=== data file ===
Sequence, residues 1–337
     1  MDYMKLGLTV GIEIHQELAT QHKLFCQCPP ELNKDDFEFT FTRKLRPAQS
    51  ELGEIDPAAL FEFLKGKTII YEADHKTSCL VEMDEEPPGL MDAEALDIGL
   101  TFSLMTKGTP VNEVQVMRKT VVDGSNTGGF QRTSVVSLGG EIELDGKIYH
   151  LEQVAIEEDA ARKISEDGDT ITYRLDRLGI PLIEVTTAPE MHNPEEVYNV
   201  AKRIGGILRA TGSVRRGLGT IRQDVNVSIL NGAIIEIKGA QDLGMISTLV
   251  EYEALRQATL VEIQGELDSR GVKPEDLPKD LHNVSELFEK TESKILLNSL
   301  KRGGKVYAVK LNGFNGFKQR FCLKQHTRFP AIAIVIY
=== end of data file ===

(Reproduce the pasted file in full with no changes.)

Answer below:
Sequence, residues 1–337
     1  MDYMKLGLTV GIEIHQELAT QHKLFCQCPP ELNKDDFEFT FTRKLRPAQS
    51  ELGEIDPAAL FEFLKGKTII YEADHKTSCL VEMDEEPPGL MDAEALDIGL
   101  TFSLMTKGTP VNEVQVMRKT VVDGSNTGGF QRTSVVSLGG EIELDGKIYH
   151  LEQVAIEEDA ARKISEDGDT ITYRLDRLGI PLIEVTTAPE MHNPEEVYNV
   201  AKRIGGILRA TGSVRRGLGT IRQDVNVSIL NGAIIEIKGA QDLGMISTLV
   251  EYEALRQATL VEIQGELDSR GVKPEDLPKD LHNVSELFEK TESKILLNSL
   301  KRGGKVYAVK LNGFNGFKQR FCLKQHTRFP AIAIVIY